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Knoxville, Tenn. — Tennessee guard Skylar McBee heard the crowd growing louder, and he knew it was time to look up at the shot clock.
Three seconds remaining. The 6-foot-3, 190-pound freshman told himself there was only one option left in UT’s 76-68 victory over Kansas: shoot it.
He pump-faked to get KU’s Tyshawn Taylor in the air, then leaned forward to push a leaning shot toward the rim.
The circus shot swished through with 36 seconds left, giving UT a six-point lead.
And any chance of KU staging a comeback was buried by a freshman walk-on.
“You don’t get to play the No. 1 team in the country many times in your life,” McBee said, “so that definitely had to be the biggest shot of my career.”
UT coach Bruce Pearl would put it another way: “The stars have got to be aligned a little bit in order to beat the No. 1 team in the country.”
While the stars were aligned for McBee’s shot, the stars also were aligned for Pearl to have McBee at Tennessee in the first place.
The combo guard became a walk-on at Tennessee because he didn’t want any regrets.
He visited Santa Clara last year as a high school senior. He also had scholarship offers from East Carolina, Marshall and Winthrop.
But he’d always been a Tennessee basketball fan. He grew up just 34 minutes away in Rutledge, Tenn. — a straight shot to Knoxville by driving southwest on Highway 1.
A scholarship was nice. But the question was, if he went to those schools, would he regret not giving Tennessee a shot?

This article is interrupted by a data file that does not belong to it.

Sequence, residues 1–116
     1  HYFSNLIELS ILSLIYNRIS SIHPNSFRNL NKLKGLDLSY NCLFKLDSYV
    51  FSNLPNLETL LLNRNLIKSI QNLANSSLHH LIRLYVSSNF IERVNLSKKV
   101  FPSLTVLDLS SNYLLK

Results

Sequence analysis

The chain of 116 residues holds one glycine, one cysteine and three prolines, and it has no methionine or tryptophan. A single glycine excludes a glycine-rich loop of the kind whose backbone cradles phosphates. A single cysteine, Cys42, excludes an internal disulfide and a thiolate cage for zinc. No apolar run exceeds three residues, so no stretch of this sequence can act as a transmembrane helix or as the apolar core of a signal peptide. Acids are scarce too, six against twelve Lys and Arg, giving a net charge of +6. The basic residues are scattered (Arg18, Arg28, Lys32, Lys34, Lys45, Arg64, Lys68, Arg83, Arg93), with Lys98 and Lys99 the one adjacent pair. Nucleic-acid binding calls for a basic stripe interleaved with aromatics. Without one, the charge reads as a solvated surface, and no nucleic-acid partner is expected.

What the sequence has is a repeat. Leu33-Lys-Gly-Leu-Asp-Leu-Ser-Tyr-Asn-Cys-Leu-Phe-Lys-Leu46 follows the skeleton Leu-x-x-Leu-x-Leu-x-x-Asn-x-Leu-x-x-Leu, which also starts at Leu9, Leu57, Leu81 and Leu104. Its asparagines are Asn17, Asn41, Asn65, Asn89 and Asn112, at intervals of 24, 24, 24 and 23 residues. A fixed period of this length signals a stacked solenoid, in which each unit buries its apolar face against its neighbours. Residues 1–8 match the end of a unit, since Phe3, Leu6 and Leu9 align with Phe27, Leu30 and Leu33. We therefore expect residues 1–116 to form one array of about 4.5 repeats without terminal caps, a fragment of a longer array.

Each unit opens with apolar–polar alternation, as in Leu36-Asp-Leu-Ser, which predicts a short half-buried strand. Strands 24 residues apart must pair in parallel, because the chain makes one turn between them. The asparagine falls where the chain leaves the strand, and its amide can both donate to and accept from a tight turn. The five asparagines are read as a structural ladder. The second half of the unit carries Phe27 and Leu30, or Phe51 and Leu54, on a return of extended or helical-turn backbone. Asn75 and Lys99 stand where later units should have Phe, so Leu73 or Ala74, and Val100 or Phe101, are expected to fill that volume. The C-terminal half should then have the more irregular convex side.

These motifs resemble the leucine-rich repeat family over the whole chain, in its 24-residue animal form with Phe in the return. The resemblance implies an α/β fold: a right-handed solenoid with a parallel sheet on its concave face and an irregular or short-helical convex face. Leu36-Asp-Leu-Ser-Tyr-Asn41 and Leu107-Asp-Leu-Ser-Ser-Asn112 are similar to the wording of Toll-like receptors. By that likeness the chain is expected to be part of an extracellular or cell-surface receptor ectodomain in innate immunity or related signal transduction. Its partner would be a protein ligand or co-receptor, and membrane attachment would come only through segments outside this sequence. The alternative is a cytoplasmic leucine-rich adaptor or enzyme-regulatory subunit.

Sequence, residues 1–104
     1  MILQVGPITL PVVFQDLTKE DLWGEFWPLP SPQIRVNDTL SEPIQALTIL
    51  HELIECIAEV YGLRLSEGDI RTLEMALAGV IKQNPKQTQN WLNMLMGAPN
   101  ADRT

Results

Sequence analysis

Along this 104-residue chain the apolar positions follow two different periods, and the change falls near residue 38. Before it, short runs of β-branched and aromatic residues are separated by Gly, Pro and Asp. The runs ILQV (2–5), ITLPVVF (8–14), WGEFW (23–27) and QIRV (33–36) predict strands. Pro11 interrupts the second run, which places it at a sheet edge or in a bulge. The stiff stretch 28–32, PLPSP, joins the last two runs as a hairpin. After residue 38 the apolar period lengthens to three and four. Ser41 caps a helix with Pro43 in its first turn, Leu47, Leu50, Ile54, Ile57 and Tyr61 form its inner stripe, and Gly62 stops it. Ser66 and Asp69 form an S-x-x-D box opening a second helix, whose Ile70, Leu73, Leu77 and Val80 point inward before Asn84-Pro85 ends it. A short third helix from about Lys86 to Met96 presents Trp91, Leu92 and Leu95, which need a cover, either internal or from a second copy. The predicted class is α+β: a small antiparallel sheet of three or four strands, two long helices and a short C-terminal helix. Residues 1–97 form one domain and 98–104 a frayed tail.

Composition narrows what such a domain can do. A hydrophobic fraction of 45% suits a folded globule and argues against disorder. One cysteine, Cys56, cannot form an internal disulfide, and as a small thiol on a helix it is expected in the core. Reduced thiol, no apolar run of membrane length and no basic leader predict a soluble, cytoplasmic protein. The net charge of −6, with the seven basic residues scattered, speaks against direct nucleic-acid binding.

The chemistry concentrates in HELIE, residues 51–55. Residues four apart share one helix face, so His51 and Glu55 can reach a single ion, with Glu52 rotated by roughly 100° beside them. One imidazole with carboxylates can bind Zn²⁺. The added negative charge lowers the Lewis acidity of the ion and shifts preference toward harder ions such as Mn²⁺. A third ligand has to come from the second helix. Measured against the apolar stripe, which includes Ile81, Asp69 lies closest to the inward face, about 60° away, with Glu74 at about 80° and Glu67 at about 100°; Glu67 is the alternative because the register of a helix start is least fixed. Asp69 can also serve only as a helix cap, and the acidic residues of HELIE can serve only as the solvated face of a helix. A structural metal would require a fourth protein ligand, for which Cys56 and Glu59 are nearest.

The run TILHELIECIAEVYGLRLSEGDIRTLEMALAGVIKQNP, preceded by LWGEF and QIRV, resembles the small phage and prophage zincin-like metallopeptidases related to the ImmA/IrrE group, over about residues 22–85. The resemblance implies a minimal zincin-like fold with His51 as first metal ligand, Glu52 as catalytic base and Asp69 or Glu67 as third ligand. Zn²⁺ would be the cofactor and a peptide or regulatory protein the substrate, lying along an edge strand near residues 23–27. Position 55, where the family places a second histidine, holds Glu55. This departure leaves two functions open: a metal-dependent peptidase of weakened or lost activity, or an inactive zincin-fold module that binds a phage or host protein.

“It’s a lifelong dream,” Skylar’s father, Doug, said after the game. “For him to play on the floor (at Tennessee) continues to be a dream come true.”
McBee isn’t your typical walk-on, though. He averaged 24 points per game in high school. He was an all-state selection. He scored 2,362 points in his career.
After watching McBee play at Grainger County High School in Rutledge, Pearl came away with this impression: He wasn’t sure the guard even knew how to pass.
McBee had stepped right in as a contributor at Tennessee this season, averaging 4.5 points per game while also playing double-digit minutes in 12 of 13 contests.
He couldn’t help but feel nervous before the game against KU.
“It was definitely hard to sleep,” Skylar McBee said. “You couldn’t help but think about what could happen in the game and the different situations you could be in.”
But he still never pictured this situation: hitting the biggest shot of the game on national television in front of nearly 30 family members, including his parents, brother, aunts, uncle, cousins and his “papaw.”
Suddenly, the walk-on with just 185 minutes of college experience in his first 13 games became one of the top 50 Google searches in the United States late Sunday night.
“It’s an opportunity,” Skylar said, “and an opportunity that not many people get to have in their lifetime.”